Blissus leucopterus also known as the true chinch bug is a small North American insect in the order Hemiptera and family Blissidae. It is the most commonly encountered member of the genus Blissus, which are all known as chinch bugs. A closely related species is Blissus insularis, the southern chinch bug.
These bugs tend to gather on sunny open patches of turfgrass. Due to their small size, chinch bugs are hardly noticeable. Therefore, they become problems since they are considered pests that feed on stems of turfgrass.
Blissus leucopterus are approximately 4 millimetres (0.16 in) long when fully developed. The adults' bodies vary in colour from dark red to brown with white wings and red legs. Young nymphs are usually bright red and half the size of adults. A distinguishable feature is the white band found on the nymph's abdomen. This band will be covered with wings and changes colour to black during development.
Blissus leucopterus are native to the Americas. They are found throughout the US, southern Canada, Mexico, and Central Americas.
Blissus leucopterus feed on plants, both wild and cultivated, belonging to the grass family, such as wheat, rye, barley, oats, and corn. They suck the sap out of the growing plants. When the plants ripen or become dry, they travel to other growing plants to feed.
The lifespan of the Blissus leucopterus is a typically less than one year. The eggs of two generations are laid down from spring to summer, when they develop into adults. During the fall, the adults from the first generation die off, while the adults from the second generation retreat from the crops to look for overwinter shelters. The adults overwinter in any type of shelters they can find, including in hedgerows, road sides, bushy fence rows, edges of woodlands, and soybean stubble, under tree barks and bunch grass, and inside field mice nests. Once they emerge from their hibernation, they return to the crop fields to feast and breed before their death.
Blissus leucopterus prefers hot, dry, and sunny conditions, while moist, warm, and humid conditions are detrimental for their population; these conditions promote the growth of fungus which is fatal to them. Other elements that reduce their population is heavy rains. Developing nymphs that are hit with rain become trapped in the soils, killing them. Their natural predators include the big-eye bug (Geocoris bullatis), and the tiny wasp (Eumicrosoma beneficum), which feast and parasitize on them.
- December – March: Blissus leucopterus are in hibernation.
- March – April: Daytime temperature stays above 20 °C for a few hours. The Blissus leucopterus emerge from hibernation and begin mating.
- April – May: The adults fly to fields with small grains growing (such as wheat) and start sucking the sap out of them. They continue to mate while the females begin laying eggs on the lower leaves of plants, or on the roots. They will continue to do so for the next 30 days, laying a total of around 200 eggs.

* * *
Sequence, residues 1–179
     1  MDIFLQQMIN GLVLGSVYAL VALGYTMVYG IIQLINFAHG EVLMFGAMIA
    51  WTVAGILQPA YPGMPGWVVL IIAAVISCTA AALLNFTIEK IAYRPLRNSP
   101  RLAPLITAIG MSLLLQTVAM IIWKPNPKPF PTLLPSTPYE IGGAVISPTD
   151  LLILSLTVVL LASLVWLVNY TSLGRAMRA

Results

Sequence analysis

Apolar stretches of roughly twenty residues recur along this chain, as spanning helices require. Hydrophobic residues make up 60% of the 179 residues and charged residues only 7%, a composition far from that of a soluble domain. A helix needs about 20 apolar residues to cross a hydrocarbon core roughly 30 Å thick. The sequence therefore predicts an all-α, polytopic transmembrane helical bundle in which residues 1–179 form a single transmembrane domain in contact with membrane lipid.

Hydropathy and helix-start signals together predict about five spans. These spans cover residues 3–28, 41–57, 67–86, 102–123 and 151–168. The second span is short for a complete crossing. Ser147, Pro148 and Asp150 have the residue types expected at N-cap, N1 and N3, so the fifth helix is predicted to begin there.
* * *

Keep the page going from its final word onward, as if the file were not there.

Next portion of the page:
- June: The nymphs develop for the next 30 days until they mature into adults. They’re wingless, reddish in color, and will progressively become darker with each moult until they’ve reached their adult stage with their wings fully developed. The nymphs also feed on the same growing plant until they start to ripen. This causes the population to seek out other growing crops (such as corn).
- July - October: The population of chinch bugs feast and breed on the new growing plant (such as corn), giving birth to a 2nd generation. They continue to feed on the crops, and the 2nd generation of chinch bugs become fully mature.
- November: The chinch bugs retreat from the crops to look for shelter for overwinter.
The chinch bug, a native to the United States and common in midwestern states, has had a great effect on humans. The chinch bug naturally feeds on wild prairie grasses. As the midwestern states were settled in the nineteenth century and crops of wheat, corn, sorghum and other grains were planted, they adapted well to these new species as habitat and food species. Throughout the 20th century, the chinch bug was a major pest to farmers, as it quickly decimated corn or wheat fields. To deal with this problem, many farmers in the area changed their crops to soybeans, which were not a host to the chinch bug. This led to a huge decrease in the chinch bug population in this area. Today they are mostly a common lawn pest and are commonly treated with pesticides and pest-resistant grasses.
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- Waldbauer, Gilbert, Insights from Insects, What Bad Bugs Can Teach Us. 2005. Prometheus Books, New York, 219-232.
- http://ohioline.osu.edu/hyg-fact/2000/2503.html[permanent dead link]
- Blissus insularis, southern chinch bug on the University of Florida / Institute of Food and Agricultural Sciences Featured Creatures website